Monday, 31 August 2015

Traditional pharmacopeia in small scale freshwater fish farms in West Java, Indonesia: An ethnoveterinary approach

ARTICLEinAQUACULTURE 416-417:334-345 · NOVEMBER 2013
Impact Factor: 1.83 · DOI: 10.1016/j.aquaculture.2013.09.048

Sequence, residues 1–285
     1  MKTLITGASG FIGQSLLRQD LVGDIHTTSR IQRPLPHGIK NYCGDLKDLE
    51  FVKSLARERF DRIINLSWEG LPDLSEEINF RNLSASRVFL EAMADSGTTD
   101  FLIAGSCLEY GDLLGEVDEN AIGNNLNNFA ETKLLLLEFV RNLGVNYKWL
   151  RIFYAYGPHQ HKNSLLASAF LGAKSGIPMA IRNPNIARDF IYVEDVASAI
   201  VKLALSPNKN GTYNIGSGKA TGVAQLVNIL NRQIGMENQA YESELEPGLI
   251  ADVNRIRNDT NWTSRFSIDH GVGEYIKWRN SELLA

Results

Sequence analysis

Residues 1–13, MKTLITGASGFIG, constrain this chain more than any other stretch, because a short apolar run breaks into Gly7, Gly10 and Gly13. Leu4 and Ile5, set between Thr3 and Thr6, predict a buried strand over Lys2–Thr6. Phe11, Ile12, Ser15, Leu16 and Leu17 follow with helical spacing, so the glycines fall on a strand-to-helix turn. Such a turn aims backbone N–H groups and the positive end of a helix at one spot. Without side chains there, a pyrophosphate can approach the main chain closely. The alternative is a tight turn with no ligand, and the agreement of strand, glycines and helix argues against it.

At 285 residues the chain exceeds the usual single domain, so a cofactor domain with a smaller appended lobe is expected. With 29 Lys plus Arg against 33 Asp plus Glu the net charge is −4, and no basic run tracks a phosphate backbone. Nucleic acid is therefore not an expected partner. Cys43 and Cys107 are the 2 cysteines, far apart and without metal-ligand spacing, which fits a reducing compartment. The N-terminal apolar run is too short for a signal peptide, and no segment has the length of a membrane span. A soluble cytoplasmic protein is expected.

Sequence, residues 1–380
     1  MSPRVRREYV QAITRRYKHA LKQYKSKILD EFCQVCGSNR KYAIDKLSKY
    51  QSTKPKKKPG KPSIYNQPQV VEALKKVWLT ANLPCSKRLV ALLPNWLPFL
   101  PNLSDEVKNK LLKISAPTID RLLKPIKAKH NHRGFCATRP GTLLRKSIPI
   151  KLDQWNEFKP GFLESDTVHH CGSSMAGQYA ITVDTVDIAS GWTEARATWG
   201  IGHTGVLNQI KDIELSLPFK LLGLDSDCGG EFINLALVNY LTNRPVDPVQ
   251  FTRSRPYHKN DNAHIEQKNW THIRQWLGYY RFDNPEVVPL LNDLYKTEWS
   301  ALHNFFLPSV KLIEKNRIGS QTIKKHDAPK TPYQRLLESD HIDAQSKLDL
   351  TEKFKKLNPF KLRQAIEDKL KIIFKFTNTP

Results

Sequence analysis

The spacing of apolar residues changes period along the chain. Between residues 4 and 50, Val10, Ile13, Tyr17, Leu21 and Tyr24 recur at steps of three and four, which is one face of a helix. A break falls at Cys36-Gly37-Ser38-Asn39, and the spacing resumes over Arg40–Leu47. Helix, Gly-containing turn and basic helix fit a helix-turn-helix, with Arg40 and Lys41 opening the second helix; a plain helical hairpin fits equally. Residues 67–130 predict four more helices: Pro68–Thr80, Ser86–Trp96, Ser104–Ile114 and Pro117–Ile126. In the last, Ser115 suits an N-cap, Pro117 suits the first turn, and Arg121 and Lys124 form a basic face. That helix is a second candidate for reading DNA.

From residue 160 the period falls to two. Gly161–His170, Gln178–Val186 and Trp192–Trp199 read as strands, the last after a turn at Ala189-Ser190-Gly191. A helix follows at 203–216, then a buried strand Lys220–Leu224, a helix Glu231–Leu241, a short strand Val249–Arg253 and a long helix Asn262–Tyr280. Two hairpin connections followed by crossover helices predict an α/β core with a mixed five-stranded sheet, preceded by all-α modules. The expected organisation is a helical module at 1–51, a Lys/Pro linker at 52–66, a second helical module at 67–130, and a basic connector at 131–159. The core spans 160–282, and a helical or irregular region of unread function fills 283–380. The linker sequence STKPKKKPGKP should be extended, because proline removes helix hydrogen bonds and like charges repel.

The use of plants for herbal medicine in the Indonesian aquaculture is still poorly known. The present study aimed to provide an inventory of the plants used by fish farmers, establishing their respective ethnobotanic importance and identifying the variables that determine the use and the choice of these plants in fish health management. A survey based on a semi-directive questionnaire was conducted using a representative sample of fish farmers (n = 504 from 176 villages) from the province of West Java. Of these fish farmers, 46% [41%, 50%; CI95%] of them use plants in their farms and 79 species of plants belonging to 36 families have been identified. Most of these plants were common plants used also traditionally in human pharmacopeia. Four categories of plant use were identified namely: improvement of water quality; reduction of fish stress; increase of fish resistance to pathogens; and treatment of fish diseases (when an outbreak occurred). In order to appraise the significance of plant usage, the following ethnobotanic parameters were determined: the Use Value (UV), the Fidelity Level (FL) and the Informant Consensus Factor (ICF). The Use Value (UV) was generally low for plants except for Carica papaya which reached the highest UV scores. The majority of the plants were used according to personal experience of the fish farmers and the knowledge related to herbal therapy appeared variable among fish farmers. Only 26 species of plants had a UV > 0.025. The highest Fidelity Level (FL) value was obtained for C. papaya. The Informant Consensus Factor (ICF) of each plant usage was relatively high for all four categories of use - ranging from 0.78 to 0.88 - but the same plant may have several therapeutic indications. The use of plants, as well as their variety and number, depended not only on fish species, production systems and production areas but also on social characteristics such as the professional experience of fish farmers and their ethnic origin. To our knowledge, this is the first ethnobotanic survey specifically applied to aquaculture. It was able to identify the species of plants used in the West Java Province, and how they are used. It also highlighted the significance of traditional Indonesian herbal therapy in aquaculture. The use of several plants in aquaculture is reported for the first time in this study.